Pound's record drop hits money changers in S'pore, sparks interest in travel to UK
The ripple effects of the British pound's plunge could lead to some opportunities for businesses in Singapore and Singaporeans, but some businesses are feeling the heat.
On Monday, the sterling dropped as much as 4.9 per cent to an all-time low of US$1.0327 before stabilising at around US$1.05405.
In Singapore, money changers that The Straits Times spoke to reported that the currency's record dive has seen the Singdollar valued at about $1.54 against one pound at 7pm on Monday, compared with $1.63 at the end of August.
"The current rate and drop is very volatile, but I don't think it's here to stay. I'll give it two to three days for it to bounce back to its usual rate," said Mr Mohamed Rafeeq, owner of Clifford Gems and Money Exchange in Raffles City Shopping Centre.
"It's the best time for people to go on holiday to the UK because this is the cheapest rate ever - I've never seen the rate drop so low before," he added.
An employee at a money changer in Raffles Place, who wanted to be known only as Mr Din, said only a few more people had inquired about the pound on Monday.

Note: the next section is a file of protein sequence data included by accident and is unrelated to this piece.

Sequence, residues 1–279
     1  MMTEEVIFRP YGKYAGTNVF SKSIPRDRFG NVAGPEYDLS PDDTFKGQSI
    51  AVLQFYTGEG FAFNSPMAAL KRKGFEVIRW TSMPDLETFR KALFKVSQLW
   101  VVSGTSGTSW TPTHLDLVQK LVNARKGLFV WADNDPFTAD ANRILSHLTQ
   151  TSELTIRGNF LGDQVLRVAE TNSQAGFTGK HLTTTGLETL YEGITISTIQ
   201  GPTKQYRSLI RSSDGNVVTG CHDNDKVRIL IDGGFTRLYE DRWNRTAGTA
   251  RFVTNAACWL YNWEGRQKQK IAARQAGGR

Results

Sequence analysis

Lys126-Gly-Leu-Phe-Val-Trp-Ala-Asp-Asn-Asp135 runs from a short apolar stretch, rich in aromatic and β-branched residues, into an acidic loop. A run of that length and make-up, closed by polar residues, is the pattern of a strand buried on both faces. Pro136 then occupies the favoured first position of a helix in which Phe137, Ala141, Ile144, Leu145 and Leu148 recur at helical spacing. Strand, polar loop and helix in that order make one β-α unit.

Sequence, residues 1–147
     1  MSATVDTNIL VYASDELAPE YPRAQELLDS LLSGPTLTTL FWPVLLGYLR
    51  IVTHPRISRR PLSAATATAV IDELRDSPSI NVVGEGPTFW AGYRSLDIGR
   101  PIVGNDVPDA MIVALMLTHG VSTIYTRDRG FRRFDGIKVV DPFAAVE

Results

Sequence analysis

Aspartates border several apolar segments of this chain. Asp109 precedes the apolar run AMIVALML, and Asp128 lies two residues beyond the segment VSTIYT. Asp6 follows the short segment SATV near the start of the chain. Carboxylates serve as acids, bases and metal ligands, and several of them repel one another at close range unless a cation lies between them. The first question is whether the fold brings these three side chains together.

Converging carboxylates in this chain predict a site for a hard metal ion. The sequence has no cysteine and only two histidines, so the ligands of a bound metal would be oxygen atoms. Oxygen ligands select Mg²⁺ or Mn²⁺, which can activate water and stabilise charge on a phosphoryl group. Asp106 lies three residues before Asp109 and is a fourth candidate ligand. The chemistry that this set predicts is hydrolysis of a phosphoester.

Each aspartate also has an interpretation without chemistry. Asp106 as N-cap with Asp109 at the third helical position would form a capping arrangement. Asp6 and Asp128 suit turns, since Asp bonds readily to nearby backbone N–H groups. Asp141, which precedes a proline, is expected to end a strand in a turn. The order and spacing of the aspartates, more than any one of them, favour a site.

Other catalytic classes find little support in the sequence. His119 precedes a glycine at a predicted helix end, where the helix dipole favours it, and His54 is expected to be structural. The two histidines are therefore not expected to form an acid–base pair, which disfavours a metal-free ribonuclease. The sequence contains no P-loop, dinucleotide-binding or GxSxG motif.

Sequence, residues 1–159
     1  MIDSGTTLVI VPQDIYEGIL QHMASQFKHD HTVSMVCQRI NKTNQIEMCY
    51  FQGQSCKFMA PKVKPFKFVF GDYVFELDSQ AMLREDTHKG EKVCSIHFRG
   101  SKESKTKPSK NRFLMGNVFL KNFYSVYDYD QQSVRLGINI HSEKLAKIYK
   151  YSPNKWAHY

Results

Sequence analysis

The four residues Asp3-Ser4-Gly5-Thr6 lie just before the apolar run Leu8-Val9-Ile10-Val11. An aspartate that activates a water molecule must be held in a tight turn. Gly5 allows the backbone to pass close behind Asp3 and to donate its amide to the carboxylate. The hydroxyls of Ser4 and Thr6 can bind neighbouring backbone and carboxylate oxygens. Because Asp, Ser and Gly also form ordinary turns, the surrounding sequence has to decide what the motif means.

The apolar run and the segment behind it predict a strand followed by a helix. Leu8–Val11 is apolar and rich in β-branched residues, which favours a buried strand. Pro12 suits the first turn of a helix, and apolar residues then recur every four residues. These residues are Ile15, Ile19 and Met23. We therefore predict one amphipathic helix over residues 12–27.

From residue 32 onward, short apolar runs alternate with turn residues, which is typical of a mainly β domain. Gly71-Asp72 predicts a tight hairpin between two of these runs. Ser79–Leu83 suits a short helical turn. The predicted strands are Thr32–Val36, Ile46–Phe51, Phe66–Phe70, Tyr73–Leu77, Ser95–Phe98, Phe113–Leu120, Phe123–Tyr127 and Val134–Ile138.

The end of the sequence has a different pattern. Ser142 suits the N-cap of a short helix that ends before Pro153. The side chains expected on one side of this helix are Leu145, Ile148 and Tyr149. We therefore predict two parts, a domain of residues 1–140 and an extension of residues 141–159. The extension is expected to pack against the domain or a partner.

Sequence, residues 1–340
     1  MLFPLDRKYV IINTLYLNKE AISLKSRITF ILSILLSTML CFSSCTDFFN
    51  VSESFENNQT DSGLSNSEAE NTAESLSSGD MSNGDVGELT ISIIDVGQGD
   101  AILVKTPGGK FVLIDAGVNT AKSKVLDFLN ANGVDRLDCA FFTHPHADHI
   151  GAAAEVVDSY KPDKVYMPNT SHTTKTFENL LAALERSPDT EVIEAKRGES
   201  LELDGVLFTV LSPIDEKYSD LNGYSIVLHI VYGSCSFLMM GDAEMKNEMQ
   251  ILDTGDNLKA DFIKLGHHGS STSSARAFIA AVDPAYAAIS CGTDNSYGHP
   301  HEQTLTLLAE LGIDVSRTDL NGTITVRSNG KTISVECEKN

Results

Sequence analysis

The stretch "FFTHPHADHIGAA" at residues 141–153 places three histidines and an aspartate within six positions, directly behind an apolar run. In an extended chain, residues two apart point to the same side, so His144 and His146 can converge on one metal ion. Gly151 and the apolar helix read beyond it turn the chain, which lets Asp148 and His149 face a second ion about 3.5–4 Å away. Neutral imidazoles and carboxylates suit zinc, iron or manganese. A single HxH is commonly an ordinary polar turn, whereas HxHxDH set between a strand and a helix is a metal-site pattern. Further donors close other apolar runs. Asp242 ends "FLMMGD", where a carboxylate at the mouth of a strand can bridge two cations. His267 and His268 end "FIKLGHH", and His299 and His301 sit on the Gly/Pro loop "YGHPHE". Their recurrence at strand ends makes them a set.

"The difference in the rate is huge, and I hope it's temporary because it's causing a loss for many money changers," he said.
Those likely to benefit from the drop would be Singaporeans looking to invest in the property sector in Britain or to travel there, said Ms Selena Ling, chief economist and head of treasury research and strategy at OCBC Bank.
Travel agency EU Holidays has seen a sharp rise of about 30 per cent in inquiries about holidays to Britain since Sept 10, said Ms Mandy Chen, its marketing manager.
"Singaporeans will also enjoy cheaper goods imported from the UK or see it as an opportunity to send their children there to study," said Ms Ling.
"Singapore businesses may also look for bargains including real estate, but those dependent on exports to the UK may suffer from a combination of potential UK recession or growth slowdown and a more expensive Singdollar as compared to British pound sterling."
Ms Ling also said that the weaker pound is likely to add to imported inflation and to the many challenges facing the British economy, amid high energy prices.
Singaporeans with investments, such as property, in Britain will probably worry about the value of their assets in Singdollar terms, said Mr Philip Wee, senior foreign exchange strategist at DBS Bank.
"UK is not a top major trading partner of Singapore. China's struggling economy and the large and rapid rate hikes in the Western economies are more worrisome for the global outlook," he said.